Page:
RK: The worst cyberthreat out there is not doing anything about cyberthreats. Ransomware can be devastating to an industry or to a company, but turning a blind eye and assuming it doesn’t exist, or assuming it’s not going to happen to you, is probably the biggest threat.
SD: How do you see cybersecurity developing now that we’re living through this pandemic?
RK: Regardless of the situation we’re in today, technology is constantly evolving, and computers are getting faster and more efficient. Systems need to be constantly tested and upgraded in order to stay ahead of the curve, but it’s a constant battle.
The way crimes took place back in the old days was if you wanted to steal money, you would rob the coach that had the gold. They just held them up at gunpoint, grabbed the gold, and that was how you stole things. It was a face-to-face interaction. Even when they walked into a bank, put a gun in somebody’s face and told them to fill the bag with cash, it was a face-to-face crime. Now, it’s a very different type of crime.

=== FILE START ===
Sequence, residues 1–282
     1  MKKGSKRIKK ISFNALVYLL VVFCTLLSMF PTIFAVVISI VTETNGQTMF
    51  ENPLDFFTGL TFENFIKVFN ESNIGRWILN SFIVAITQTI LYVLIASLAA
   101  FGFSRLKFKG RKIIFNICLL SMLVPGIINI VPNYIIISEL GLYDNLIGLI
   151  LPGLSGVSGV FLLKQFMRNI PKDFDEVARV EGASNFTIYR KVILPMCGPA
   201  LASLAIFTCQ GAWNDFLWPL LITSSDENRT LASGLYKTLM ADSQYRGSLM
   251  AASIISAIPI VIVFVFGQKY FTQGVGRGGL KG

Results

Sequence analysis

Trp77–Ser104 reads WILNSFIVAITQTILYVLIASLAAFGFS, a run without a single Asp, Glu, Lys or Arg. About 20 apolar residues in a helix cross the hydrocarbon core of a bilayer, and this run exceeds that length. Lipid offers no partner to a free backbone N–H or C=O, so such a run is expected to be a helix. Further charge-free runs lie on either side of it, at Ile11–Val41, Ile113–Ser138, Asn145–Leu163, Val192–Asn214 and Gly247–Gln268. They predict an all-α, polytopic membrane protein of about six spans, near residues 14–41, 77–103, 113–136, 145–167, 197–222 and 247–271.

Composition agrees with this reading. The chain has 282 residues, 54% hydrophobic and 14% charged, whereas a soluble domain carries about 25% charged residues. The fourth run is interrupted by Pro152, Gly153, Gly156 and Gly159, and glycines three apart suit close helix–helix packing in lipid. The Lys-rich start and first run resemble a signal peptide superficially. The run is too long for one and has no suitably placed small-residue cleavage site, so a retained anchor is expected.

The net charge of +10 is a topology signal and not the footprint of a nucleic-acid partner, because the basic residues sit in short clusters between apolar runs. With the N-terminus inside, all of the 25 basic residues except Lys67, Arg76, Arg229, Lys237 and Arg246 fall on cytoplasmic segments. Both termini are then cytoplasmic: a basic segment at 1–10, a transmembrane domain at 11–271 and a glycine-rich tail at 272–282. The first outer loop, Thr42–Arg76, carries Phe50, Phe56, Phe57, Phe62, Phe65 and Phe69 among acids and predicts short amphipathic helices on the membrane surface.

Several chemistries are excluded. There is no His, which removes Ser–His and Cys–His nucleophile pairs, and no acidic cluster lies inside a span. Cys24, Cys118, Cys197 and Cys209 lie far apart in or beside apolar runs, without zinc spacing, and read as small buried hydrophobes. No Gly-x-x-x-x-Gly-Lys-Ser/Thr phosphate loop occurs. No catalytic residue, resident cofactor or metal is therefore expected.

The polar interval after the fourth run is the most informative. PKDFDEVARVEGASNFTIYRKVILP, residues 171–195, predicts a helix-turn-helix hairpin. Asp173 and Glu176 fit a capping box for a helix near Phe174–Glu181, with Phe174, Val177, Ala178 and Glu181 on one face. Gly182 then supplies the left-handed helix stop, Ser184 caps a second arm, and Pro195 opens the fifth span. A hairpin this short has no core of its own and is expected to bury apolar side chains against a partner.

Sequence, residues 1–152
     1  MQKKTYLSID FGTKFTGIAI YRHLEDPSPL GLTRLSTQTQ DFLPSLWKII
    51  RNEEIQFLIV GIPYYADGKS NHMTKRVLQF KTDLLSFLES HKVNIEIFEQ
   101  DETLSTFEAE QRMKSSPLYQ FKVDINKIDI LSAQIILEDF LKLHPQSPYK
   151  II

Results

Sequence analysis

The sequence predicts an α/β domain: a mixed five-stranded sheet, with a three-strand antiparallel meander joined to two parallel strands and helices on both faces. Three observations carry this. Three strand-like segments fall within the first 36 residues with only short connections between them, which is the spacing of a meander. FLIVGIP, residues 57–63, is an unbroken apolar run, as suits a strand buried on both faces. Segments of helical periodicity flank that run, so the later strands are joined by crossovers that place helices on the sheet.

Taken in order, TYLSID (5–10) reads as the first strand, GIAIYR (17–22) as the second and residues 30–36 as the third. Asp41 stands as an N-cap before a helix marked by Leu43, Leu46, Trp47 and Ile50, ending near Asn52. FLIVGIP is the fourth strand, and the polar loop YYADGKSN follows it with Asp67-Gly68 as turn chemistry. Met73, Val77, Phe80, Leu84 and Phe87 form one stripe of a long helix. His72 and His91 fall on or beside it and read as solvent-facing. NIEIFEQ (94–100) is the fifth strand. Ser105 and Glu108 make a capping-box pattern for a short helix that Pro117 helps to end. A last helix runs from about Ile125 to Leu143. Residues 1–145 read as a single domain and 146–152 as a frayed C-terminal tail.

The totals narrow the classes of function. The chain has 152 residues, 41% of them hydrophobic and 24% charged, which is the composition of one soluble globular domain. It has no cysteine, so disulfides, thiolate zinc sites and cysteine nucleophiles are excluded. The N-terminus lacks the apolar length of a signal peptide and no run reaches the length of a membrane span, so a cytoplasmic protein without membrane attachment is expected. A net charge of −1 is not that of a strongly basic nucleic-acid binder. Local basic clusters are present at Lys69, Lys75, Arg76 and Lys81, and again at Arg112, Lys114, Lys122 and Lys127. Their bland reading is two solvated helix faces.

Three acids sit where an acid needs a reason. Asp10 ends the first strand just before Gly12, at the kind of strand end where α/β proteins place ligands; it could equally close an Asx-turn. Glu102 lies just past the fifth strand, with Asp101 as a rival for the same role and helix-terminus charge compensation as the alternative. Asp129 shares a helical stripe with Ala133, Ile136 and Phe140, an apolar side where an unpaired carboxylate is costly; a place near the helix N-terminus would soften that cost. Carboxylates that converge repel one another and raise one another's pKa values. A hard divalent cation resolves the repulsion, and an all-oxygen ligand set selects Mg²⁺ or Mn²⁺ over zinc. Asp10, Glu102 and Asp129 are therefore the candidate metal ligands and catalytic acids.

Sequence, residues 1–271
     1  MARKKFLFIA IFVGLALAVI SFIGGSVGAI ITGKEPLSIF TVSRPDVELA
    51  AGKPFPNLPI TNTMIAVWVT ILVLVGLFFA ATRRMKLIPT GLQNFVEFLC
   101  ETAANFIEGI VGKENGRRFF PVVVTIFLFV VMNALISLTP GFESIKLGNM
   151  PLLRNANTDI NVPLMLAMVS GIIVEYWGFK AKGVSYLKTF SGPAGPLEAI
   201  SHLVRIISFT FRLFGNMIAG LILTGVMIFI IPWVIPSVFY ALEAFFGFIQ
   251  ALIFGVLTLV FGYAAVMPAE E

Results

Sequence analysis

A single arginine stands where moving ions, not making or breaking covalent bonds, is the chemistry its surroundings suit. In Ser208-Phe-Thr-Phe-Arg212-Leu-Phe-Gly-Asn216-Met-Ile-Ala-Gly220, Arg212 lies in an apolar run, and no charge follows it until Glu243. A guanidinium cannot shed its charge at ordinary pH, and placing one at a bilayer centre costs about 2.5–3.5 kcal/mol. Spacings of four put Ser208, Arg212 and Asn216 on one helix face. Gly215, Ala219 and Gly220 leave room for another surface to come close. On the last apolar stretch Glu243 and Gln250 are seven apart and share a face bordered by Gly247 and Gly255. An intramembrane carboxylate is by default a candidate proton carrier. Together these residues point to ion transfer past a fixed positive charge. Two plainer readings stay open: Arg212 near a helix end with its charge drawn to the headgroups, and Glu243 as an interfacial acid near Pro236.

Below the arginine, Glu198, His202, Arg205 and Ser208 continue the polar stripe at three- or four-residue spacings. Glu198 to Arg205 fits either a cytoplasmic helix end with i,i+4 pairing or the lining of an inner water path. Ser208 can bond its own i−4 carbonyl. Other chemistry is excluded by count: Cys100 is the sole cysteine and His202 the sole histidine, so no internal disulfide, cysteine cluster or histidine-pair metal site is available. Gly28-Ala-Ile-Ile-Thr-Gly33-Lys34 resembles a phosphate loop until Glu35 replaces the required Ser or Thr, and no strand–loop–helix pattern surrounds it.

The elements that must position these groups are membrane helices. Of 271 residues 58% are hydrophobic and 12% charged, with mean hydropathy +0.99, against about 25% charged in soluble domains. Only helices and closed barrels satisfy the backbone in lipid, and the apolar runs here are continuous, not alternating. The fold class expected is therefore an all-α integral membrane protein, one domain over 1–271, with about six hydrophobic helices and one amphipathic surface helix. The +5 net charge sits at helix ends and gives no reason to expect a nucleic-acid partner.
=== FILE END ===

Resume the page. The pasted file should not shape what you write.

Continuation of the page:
In fact, there are no laws against ad fraud right now, so if you commit ad fraud, there are no laws that prevent you from doing it. There is no law to prosecute somebody for ad fraud, even if you do catch them. Catching them is the hardest part because of all the privacy laws in this country, and throughout the world. You can’t catch fraudsters because everybody’s identity is protected through privacy. You have that catch 22, where we all want our privacy, but at the end of the day, we also want to make sure that these criminals are not stealing our money, ransoming our machines or locking up our data.